2018: Museum am Rothenbaum, Kulturen und Künste der Welt & M. Bassy, Hamburg, Germany.
2018: Site-specific performance, Live Museum of Afrotekismo and the Future Africa Visions in Time (FAVT), Old Location Cemetery, Windhoek.
2017: CIS/SIES Dolly Potgieter and Other National Trashisms, Kalahari International Art Festival, Windhoek & StartArt Gallery, Windhoek.
2016: The State of Citizenshi.ph.t (with Oupa Sibeko), part of "Conversations", National Art Gallery of Namibia, Windhoek.
2014 - 2015: Eenganga: Translations and Trace formation, MA Performance as research (autoethnography) project, University of Witwatersrand, Johanesburg.
2014: Performance, Camel Stables, Windhoek.
2014: The Journey of Connection: Reflecting on the paths and patterns of human connection, Participatory Design Conference, Windhoek.
2014: Aluta’s Children: Re-visiting the footsteps of the Namibian struggle child through the lenses of disorder and inequality,, Independent Theatre solo performance, Theatre School, Windhoek.
2014: "The Journey of Human Connection: Reflecting on the paths and patterns of human connection," 13th Participatory Design Conference: Reflecting Connectedness, Windhoek.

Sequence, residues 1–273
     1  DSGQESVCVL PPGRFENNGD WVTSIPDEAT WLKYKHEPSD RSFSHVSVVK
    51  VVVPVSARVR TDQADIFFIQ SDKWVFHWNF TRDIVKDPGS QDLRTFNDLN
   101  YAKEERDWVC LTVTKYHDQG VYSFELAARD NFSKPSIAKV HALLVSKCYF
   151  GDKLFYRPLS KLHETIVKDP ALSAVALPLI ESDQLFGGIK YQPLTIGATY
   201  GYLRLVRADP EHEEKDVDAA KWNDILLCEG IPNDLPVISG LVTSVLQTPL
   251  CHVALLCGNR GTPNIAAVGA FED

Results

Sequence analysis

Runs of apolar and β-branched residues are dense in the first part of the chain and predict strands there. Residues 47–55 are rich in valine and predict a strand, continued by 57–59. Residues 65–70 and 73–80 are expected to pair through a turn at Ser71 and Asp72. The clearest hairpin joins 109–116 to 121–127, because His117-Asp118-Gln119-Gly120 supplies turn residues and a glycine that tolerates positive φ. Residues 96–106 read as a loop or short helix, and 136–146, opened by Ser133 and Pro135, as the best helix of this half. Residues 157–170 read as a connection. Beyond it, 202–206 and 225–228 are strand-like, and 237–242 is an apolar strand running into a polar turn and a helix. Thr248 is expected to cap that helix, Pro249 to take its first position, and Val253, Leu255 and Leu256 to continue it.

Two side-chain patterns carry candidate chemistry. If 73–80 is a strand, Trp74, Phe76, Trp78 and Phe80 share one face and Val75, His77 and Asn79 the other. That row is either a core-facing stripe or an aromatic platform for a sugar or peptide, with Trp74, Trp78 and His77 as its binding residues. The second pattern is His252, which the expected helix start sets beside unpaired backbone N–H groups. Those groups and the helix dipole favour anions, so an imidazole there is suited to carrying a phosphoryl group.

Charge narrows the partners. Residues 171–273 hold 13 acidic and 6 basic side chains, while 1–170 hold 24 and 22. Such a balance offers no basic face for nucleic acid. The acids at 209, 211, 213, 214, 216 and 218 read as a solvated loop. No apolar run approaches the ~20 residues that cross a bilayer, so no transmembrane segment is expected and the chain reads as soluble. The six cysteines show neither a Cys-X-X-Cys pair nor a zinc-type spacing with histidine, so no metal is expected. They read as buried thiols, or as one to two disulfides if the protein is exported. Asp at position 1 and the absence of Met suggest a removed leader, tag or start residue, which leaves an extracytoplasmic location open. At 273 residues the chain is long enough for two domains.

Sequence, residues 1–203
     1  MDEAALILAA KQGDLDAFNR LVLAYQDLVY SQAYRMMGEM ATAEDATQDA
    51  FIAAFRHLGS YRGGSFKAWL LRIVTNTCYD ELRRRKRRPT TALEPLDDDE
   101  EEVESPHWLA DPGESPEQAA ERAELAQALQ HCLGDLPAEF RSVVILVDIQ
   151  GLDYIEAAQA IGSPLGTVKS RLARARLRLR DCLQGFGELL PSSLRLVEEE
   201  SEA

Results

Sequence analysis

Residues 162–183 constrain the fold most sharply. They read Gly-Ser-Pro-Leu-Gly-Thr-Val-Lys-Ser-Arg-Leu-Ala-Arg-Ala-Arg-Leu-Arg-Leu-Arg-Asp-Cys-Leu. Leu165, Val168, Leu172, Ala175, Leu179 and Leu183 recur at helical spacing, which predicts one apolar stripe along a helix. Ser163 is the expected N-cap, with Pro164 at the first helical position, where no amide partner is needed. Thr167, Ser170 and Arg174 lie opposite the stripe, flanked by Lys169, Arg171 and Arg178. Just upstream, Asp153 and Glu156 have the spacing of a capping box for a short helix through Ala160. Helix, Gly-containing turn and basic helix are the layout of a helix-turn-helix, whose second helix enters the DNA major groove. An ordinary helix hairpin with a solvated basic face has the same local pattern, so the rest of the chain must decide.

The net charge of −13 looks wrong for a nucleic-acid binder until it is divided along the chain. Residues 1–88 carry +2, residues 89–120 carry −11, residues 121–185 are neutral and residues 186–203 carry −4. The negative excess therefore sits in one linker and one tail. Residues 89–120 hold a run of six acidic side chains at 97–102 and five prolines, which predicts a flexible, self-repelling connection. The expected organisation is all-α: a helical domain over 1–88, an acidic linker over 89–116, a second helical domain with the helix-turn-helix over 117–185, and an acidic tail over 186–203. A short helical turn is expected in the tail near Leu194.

2021: [with Gunkel, H] “Orientation Towards the Here and Now: Care and Presence in the work of Frieda Orupabo and Nkikura Oparah,” in HERE & NOW at Museum Ludwig: Dynamic Spaces, edited by Romina Dümler (Cologne: Verlag der Buchhandlung Walther und Franz Konig, 2021).
2021: “'Making Love:' Solidarity in Decolonial Times, in Changes in Direction, edited by Laura Horelli and Heidi Brunnschweiler (Berlin: Archive Books, 2021).
2020:“Ons Dala die Ding by Odalate Naiteke. The curative, performance and publicness in Katutura,” Journal of Namibian Studies: History Politics Culture 28 (December 2020): 65-89.
2020: with LaFleur, I, Fink, K; and Siegert, N., “A Conversation around Trauma, Healing and Things Not To Touch,” in Ghosts, spectres, revenants: Hauntology as a means to think and feel future, edited by Katharina Fink, Marie-Anne Kohl and Nadine Siegert (Bayreuth: Iwalewa Books, 2020).